The Controversy Surrounding The Origins Of Avocado Toast

There's a surprising amount of contention concerning avocado toast. If there's one thing practically everyone can agree on, at least, it's that the simple dish is indeed relatively good for you, thus earning its reputation as a health food. Healthline explains that the simplest form of the recipe — just avocado and toast — can be useful in a weight loss diet and has various benefits for physical well-being. Of course, people often add ingredients like cheese, eggs, fruit, meat, seasonings, and veggies, etc., so the actual nutritional value of avocado toast may vary.

Obviously, personal tastes differ too, so even if it is good for you, not everyone will enjoy it. Plus, its popularity in trendy cities and online circles has led to it being labeled both "basic" and "hipster." Not to mention in 2017, a millionaire mogul told "60 Minutes" in Australia that today's youths will never be able to purchase a home because they're "spending $40 a day on smashed avocados and coffees and not working" (via the Guardian). This reinforced avocado toast's emerging status as a symbol for alleged Millennial decadence. Unsurprisingly, some people took offense to this implication, but the derisive reputation of avocado toast endures nonetheless.

Unfortunately for avocado toast and its fans, the controversy doesn't stop there either, as even the concoction's origins are debated.

Worlds apart

Some food creations are so simple they seem obvious in retrospect, and they become so widespread that it's difficult to tell where they first came from. This appears to be the case with avocado toast. The Washington Post notes that avocado toast exploded in popularity during the 2010s because of its photogenic attributes, health benefits, and celebrity endorsements. New York City's Café Gitane is often credited as the dish's official creator, having premiered it on their menu in the mid 2000s. Yet their chef Chloe Osborne, who's Australian, tried avocado toast back in Queensland as a child, so at most, Café Gitane simply introduced the invention to the United States.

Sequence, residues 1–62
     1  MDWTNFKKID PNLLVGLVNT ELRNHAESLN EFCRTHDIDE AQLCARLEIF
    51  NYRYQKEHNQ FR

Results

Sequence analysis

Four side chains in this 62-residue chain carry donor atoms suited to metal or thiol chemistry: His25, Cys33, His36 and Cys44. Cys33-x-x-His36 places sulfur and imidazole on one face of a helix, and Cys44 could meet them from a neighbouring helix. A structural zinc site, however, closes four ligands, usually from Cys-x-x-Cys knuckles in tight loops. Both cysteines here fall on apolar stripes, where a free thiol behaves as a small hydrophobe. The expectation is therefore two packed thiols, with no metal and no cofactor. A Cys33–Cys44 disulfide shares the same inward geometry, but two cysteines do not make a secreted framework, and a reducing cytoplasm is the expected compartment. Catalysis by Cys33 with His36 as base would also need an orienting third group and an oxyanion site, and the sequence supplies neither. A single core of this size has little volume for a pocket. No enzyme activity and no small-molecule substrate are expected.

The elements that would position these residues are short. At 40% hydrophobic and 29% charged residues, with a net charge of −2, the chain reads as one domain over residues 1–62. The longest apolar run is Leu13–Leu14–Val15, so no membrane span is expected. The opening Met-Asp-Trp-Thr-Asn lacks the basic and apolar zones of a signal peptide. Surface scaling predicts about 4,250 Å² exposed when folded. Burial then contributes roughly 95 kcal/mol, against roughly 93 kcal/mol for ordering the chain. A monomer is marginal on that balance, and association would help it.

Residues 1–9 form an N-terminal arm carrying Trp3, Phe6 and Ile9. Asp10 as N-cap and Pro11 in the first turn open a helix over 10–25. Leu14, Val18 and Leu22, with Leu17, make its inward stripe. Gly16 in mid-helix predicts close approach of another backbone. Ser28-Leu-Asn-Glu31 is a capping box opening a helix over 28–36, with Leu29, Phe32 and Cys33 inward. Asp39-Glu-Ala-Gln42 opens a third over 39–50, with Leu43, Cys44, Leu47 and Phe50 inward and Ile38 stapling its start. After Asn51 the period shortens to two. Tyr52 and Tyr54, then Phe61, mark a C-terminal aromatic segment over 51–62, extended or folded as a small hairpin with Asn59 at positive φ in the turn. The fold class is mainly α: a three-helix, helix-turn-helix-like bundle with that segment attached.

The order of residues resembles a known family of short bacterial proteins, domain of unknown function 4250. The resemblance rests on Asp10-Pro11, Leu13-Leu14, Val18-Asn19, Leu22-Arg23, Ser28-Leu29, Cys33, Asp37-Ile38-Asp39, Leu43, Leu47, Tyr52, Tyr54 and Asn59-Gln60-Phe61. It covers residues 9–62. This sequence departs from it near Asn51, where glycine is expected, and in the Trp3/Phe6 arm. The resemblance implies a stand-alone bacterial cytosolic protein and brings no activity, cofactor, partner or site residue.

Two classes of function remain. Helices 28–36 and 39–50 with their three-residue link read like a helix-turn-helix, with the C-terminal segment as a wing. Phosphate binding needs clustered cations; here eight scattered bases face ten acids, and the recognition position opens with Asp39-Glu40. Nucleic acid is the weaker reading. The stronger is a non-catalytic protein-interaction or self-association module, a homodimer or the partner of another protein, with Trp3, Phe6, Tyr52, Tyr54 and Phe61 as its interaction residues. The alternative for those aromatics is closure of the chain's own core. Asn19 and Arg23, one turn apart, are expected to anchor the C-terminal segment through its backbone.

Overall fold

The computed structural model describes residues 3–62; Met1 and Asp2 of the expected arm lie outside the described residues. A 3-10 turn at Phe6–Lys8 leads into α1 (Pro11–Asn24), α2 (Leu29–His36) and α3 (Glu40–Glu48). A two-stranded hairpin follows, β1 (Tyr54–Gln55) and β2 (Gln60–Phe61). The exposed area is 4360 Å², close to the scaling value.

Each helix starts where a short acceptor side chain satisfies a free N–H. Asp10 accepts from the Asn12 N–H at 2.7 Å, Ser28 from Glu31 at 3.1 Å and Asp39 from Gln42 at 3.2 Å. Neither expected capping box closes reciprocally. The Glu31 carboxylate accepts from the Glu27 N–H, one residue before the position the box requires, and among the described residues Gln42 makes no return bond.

Indeed, avocado toast had already been popular in Australia for a long time. According to Bon Appétit, Vegemite and mashed avocado are both popular spreads for toast in the lands down under, with Australian cultivation of avocados beginning back in the 1920s. In 1993, a restaurant near Sydney called Bills put avocado toast with chili flakes, lime, and salt on its menu, formalizing the first modern avocado toast. Even further back, though, there are actually U.S. examples of avocado toast on menus predating the Australian ones. Bon Appétit also documents a 1931 Clark Hotel offering of avocado on toast on its menus. So was the dish American this whole time, after all?

The avocado's native country

Simply put, it's not entirely clear, and that's where the controversy comes from. Taste mentions the British were actually eating avocado on French rolls and garlicky "common island loaves" back in 1843 on the British Virgin Islands. For the ultimate truth, though, Taste recommends looking not at various Western traditions, but rather at the avocado's place of origin. The avocado is native to Mexico, and as such, it seems likely its people were the first to try avocado on bread and eventually toast it. The avocado has been consumed in that region for thousands of years. In the 16th century, bread came to Mexico with Spanish settlers. So it seems probable that at some point, someone put two and two — avocado and toast — together for the first and now-forgotten time.

Over the years, avocados would spread geographically. Per The New Yorker, the fruit came to the United States in 1833 from Mexico, but it took decades for farmers to learn how to grow them properly and for the food to catch on. Nowadays, the California Hass variety dominates much of the avocado world, but Mexico is still the largest grower and exporter of avocados globally.

So is making avocado toast American, Australian, or Mexican? It's nice to know your food's history, but in this case, we're not sure there's one definitive answer. Perhaps this debate will at least make for some good brunch conversation!